Foundation damage is by far the most expensive risk encountered when purchasing an existing home. The worst-case scenario? The engineering assessment and permits alone for major foundation repair work can easily exceed $10,000 and that doesn’t include any repairs. Repairs, such as driving piles to raise a sunken portion of a house and stitching a cracked slab back together can easily cost $30,000. Possible causes for foundation damage include improperly compacted soils, expansive soils, poor grading and drainage, sinkholes, and installation errors.
We are working hard to prevent this worst-case scenario from happening to our clients by offering a “slab foundation manometer measurement” in each of our single family home inspections where houses are built “slab on grade.” We offer this service starting at $150! Structural engineers, charging $550 and up for an initial site visit, perform a similar analysis to collect key data for their reports and repair recommendations. Please note: we are not claiming to be structural engineers but there is some overlap, and we may be able to tell you when hiring one is necessary.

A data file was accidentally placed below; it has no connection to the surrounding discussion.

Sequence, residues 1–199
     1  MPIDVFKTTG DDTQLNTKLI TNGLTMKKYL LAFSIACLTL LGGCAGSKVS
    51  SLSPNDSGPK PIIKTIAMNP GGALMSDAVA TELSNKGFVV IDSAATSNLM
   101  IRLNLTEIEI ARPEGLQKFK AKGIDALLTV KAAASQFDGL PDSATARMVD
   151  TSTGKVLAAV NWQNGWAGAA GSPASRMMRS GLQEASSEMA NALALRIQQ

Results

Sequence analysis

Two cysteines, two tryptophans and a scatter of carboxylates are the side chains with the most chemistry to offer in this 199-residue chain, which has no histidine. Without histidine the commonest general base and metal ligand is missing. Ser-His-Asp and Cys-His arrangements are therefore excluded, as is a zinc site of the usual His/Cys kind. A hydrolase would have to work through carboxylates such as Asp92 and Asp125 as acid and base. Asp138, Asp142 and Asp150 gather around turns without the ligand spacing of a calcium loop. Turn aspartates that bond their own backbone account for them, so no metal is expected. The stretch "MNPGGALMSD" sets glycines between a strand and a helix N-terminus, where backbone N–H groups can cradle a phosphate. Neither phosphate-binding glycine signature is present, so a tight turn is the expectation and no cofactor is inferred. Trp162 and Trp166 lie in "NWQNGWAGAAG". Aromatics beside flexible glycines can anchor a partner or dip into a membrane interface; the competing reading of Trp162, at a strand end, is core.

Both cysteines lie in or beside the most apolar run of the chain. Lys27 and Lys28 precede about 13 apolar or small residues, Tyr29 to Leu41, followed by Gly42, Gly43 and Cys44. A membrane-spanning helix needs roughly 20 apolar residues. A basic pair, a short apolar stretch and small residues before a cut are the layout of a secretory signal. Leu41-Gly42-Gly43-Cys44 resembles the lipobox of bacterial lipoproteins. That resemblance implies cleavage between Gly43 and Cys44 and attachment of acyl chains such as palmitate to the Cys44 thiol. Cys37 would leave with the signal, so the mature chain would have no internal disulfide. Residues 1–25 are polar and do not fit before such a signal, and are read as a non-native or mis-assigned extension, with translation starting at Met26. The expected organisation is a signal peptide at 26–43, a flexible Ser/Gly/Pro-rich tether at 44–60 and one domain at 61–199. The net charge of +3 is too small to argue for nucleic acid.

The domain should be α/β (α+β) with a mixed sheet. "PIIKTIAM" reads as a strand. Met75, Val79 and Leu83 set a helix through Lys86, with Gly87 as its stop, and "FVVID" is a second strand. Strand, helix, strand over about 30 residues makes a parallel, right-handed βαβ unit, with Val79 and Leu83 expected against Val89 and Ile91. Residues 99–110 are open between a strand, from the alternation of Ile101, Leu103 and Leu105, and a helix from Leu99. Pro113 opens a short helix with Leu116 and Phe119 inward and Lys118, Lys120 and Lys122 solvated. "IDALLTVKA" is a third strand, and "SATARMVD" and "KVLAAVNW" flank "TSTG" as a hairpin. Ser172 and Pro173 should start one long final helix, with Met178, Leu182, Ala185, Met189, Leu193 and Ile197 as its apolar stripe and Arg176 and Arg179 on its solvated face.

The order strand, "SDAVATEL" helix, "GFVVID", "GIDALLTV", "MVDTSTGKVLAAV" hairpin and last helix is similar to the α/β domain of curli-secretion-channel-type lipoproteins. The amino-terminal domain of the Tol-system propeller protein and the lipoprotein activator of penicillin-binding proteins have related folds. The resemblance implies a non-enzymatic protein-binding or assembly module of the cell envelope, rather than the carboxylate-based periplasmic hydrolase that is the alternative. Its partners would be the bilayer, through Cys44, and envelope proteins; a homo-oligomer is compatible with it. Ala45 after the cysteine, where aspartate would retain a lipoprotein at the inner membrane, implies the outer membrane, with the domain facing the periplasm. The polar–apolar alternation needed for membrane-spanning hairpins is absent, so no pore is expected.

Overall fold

As mentioned above, we will perform this manometer survey on all single family homes constructed with “slab on grade” foundations*. Modern “slab foundations” are the most common foundation and flooring system used, consisting of concrete footings and subfloor. A proper installation of a slab foundation would include levelness to within about 1/2″ from one end of the structure to the other. Excellent foundation contractors actually shoot for a perfectly level installation but in reality it’s more likely to be with within a 1/2″ tolerance.
Many potential homebuyers might be surprised to learn that nearly all inspection companies rely solely on a visual inspection to assess the condition of the foundation. Our manometer survey actually measures the levelness of the slab foundation at approximately 25 different locations – we carefully measure the finished flooring and even make adjustments at areas where the floor thickness changes. If the levelness is off by 1 or more inches then there is a good chance that there is a foundation concern. Another way to think about it this is: large slabs of steel-reinforced concrete can flex a little but after more than 1 inch of flex they will likely crack (aka “cracked slab”). If we encounter severe out of levelness a geotechnical and/or structural engineer should be consulted to investigate foundation problems.
Our engineering inspired evaluations are an easy way for our clients to know how level their home is and whether or not major repairs are needed. This helps our clients negotiate a fair price for the home they want to buy.